The sounds from the beer joint known for live music and its jukebox shakes the windows as they drive into the parking lot. Chicken wire fencing wraps around the bandstand to keep the band from getting hit with beer bottles.
As they enter, the bartender yells. “Break ’em up before they destroy the place!” Three men are holding Herman while two others are landing repeated punches and kicks. The jukebox blares Jimmie Davis’s hit—I Hung My Head and Cried.
Herman, bleeding like a stuck pig, calls out, “Are y’all going to help me or just stand there, whistlin’ Dixie?”
“I’ll take the three holding him, you the other two. Use that chair, Howard.”
After a melee of about ten minutes, they settle with the barkeeper for fifty bucks in damages and haul Herman outside to his truck. His lip is busted, his nose is bleeding, and one eye is starting to seal shut. He refuses to show any sign of weakness or pain, although he wheezes when drawing in a breath between bruised ribs.
They arrive home in time for a delayed supper. Ran examines Herman’s cuts and bruises. “Save all that anger for the Japs and Hitler.”
Lillie brings clean towels. “My three sons fighting in the Devil’s playground and on Christmas Day! May the Good Lord find mercy to forgive you for such behavior!”
Ran smiles. “At least they didn’t go to the Duck Inn…it provides more than liquor.” She does not find the humor in his observation, as her grimace reveals.
Lillie pulls her collar up, tightens her scarf, shoves her hands deep into her pockets, turns her face and walks outside into the biting wind. “I need to gather more snow for the ice cream.”
She returns—but with no snow. “It’s suppertime.” Her words are all that is needed for family and guests to gather around the candle-lit table.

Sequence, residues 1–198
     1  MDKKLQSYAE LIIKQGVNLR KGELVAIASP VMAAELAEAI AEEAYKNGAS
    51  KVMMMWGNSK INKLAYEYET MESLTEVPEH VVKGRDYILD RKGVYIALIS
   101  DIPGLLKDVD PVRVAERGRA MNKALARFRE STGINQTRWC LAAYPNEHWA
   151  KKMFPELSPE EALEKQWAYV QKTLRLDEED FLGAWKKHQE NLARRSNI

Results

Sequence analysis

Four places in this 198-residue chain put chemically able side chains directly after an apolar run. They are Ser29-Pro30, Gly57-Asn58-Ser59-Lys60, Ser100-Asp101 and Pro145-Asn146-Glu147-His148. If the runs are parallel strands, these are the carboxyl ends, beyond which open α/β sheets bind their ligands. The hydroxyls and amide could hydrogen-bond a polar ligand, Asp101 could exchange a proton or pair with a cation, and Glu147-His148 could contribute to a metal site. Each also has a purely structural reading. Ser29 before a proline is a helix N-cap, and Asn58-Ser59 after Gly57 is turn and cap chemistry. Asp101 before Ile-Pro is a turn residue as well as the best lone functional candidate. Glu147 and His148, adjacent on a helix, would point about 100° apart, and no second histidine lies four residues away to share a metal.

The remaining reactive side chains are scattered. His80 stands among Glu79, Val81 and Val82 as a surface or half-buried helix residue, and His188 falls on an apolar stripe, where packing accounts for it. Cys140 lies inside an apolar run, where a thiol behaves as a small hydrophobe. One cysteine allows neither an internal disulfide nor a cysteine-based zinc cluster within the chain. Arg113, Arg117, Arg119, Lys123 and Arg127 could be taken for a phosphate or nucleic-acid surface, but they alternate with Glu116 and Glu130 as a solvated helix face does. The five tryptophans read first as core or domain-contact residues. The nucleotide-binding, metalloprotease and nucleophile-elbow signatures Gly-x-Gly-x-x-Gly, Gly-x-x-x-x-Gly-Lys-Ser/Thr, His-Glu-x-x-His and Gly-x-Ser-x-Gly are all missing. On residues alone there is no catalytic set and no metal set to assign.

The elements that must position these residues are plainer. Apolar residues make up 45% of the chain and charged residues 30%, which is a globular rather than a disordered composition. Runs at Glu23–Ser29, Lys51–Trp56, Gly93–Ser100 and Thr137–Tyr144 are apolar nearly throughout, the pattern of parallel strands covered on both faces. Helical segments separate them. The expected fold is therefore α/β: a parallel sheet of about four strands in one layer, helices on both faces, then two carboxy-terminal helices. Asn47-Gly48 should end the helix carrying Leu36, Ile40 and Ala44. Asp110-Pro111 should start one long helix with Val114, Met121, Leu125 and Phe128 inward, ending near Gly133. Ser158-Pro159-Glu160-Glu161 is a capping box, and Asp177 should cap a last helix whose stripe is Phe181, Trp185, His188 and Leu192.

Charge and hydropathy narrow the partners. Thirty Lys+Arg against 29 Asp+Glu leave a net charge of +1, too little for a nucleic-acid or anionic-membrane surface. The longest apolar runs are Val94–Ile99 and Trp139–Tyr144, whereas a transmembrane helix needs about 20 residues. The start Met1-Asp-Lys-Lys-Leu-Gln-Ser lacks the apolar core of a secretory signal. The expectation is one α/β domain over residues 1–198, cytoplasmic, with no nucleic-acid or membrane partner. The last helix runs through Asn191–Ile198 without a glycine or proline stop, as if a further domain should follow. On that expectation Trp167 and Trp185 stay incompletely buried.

As Ran says grace, a light dispels the darkness in their hearts just as the Star of Bethlehem did long ago. The reflection in Lillie’s face, from the beckoning candle, contradicts the devastating news from Hawaii.
Ran bows his head as everyone joins hands. “Lord, we know the world will still turn, the songbirds will again make their joyful sounds, and this too will pass. Keep our sons in the hollow of Your hand. Bless this food—and bless our nation. In the name above all names—Jesus.”
American men from coast to coast step forward to retaliate against the attack on U.S. soil. In the days shortly after Thanksgiving, Julian had enlisted in the U.S. Army Air Corps and Herman in the ground forces Army after hearing President Roosevelt’s words on the radio: “No matter how long it may take us to overcome this premeditated invasion, the American people in their righteous might will win through to absolute victory.”
Howard went with his brothers and did his best also to enlist. However, the recruiter didn’t even need to wait for the results of a physical to see that Howard had a deformity that would make him 4-F. Howard had a serious head injury, caused by a blow from a split rim truck wheel. It had exploded while Howard was filling a tire with air in Glenmora. He tried to disguise the injury by pulling a cap down over his hair and forehead, but the recruiter—who was not new to his job—pulled off the cap, surveyed the scar, and motioned a thumb over his shoulder, indicating Howard was “out” of the running. Ran tried to assure Howard he could still be of service to the nation in other ways. For a scrapper and brawler like Howard, those words brought little appeasement.
Now, as they continue to enjoy what will probably be the last Christmas as a united family for perhaps years to come, Howard stokes the flames in the fireplace with a kindling-stick from a busted chiffarobe. Ran raises his fiddle. “Join me, in the family key.” Everyone joins in.
“O holy night, the stars are brightly shining,
It is the night of the dear Savior’s birth;
Long lay the world in sin and error pining,
‘Till he appeared and the soul felt its worth.
A thrill of hope the weary world rejoices,
For yonder breaks a new and glorious morn.”
As the long day ends, Ran leafs through his great-grandfather Joseph Willis’s six-inch thick leather-bound journal written long ago.
“What would he do?”
✯ ✯ ✯ ✯ ✯
Excerpted from Destiny
a nonfiction novel by Randy Willis